IRS Providing Assistance to Taxpayers Impacted by Hurricane Idalia

The IRS has introduced options for deferring tax payments for individuals and businesses that have been affected by Hurricane Idalia. These payments can now be postponed until February 15, 2024, as reported by The Epoch Times.

This extended deadline is specifically applicable to individuals who had a valid extension for filing their 2022 return, which was originally due to expire on October 16, 2023.

A statement from the IRS read: “Quarterly estimated income tax payments normally due on Sept. 15, 2023, and Jan. 16, 2024; quarterly payroll and excise tax returns normally due on Oct. 31, 2023, and Jan. 31, 2024; and calendar-year partnerships and S corporations whose 2022 extensions run out on Sept. 15, 2023,” are eligible for deferral.

The IRS statement added:

“In addition, penalties for the failure to make payroll and excise tax deposits due on or after Aug. 27, 2023, and before Sept. 11, 2023, will be abated as long as the deposits are made by Sept. 11, 2023.”

“Taxpayers qualifying for relief who live outside the disaster area need to contact the IRS at 866-562-5227. This also includes workers assisting the relief activities who are affiliated with a recognized government or philanthropic organization.”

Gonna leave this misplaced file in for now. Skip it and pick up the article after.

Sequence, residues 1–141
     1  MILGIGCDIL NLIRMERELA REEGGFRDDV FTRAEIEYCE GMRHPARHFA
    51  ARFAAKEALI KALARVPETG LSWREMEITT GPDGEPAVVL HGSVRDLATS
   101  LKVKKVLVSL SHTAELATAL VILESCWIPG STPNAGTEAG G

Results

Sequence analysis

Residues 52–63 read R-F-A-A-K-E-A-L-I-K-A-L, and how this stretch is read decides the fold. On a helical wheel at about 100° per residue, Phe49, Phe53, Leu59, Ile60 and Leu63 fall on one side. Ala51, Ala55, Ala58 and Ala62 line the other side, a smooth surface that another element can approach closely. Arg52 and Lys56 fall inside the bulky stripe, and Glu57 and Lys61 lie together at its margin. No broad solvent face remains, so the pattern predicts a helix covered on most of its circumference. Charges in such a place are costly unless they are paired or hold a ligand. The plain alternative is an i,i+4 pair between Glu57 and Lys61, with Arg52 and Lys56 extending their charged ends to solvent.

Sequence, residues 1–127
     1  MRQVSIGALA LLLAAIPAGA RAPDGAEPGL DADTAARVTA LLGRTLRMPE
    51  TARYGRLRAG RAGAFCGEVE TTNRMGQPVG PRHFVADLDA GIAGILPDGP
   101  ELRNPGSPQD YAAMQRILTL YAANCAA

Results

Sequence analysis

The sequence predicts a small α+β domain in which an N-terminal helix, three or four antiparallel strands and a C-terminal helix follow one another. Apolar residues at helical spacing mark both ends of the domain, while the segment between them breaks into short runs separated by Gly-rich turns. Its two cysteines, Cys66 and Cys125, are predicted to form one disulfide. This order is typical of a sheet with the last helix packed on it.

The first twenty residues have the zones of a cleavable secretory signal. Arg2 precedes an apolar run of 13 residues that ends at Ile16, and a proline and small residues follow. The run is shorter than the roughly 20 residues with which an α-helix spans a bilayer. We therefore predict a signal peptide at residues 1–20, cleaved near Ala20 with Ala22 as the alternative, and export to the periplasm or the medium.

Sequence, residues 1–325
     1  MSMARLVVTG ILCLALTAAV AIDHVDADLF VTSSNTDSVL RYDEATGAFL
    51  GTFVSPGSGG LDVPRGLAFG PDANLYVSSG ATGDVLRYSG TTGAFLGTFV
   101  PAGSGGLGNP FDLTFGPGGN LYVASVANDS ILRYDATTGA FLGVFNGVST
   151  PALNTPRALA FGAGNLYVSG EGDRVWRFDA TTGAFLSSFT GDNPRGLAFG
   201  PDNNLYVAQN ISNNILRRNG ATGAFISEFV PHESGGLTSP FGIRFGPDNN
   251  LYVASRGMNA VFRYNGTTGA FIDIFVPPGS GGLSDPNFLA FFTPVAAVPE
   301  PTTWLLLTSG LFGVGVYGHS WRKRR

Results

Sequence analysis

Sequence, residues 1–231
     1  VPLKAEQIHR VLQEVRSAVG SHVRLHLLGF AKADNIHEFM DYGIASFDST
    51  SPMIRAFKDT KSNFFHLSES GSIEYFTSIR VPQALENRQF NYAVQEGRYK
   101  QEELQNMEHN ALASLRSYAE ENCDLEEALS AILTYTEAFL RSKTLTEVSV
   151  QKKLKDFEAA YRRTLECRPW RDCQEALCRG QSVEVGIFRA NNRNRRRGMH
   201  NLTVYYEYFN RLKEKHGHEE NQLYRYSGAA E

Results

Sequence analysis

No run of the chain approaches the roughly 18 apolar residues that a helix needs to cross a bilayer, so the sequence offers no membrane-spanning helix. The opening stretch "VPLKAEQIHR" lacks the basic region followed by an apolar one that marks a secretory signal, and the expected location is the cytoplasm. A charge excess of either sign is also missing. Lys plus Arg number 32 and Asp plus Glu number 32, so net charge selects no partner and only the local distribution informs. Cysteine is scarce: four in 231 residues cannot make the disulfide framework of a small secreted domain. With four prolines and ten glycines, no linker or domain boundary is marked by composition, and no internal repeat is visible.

“Taxpayers have extra time—up to six months after the due date of the taxpayer’s federal income tax return for the disaster year (without regard to any extension of time to file)—to make the election. Be sure to write the FEMA declaration number, DR-3596-EM, on any return claiming a loss.”

The IRS announced that individual retirement arrangements (IRAs) are also eligible for special consideration. The agency wrote: “A taxpayer may be eligible to take a special disaster distribution that would not be subject to the additional 10% early distribution tax and allows the taxpayer to spread the income over three years. Taxpayers may also be eligible to make a hardship withdrawal. Each plan or IRA has specific rules and guidance for their participants to follow.”

The Epoch Times noted that “as qualified disaster relief payments are excluded from gross income, taxpayers can deduct personal, family, living, or funeral expenses, along with repair or rehabilitation of their home and contents received from a government agency from their gross income amounts.”

Currently, the recently issued IRS guidelines would make 46 out of the total 67 counties in Florida eligible for assistance.

The choice was made in response to Hurricane Idalia, classified as a category 3 hurricane, which traversed through Florida’s Big Bend region last Wednesday. With winds reaching 125 mph and a water surge of 16 feet, the storm caused power outages for over 300,000 individuals.

According to CoreLogic, the damage is extensive, with over 800,000 homes estimated to be affected. This equates to potential damages surpassing $238 billion.

Strategic early preparations and evacuation directives played a crucial role in minimizing the loss of human life, resulting in a remarkable total of only three documented casualties.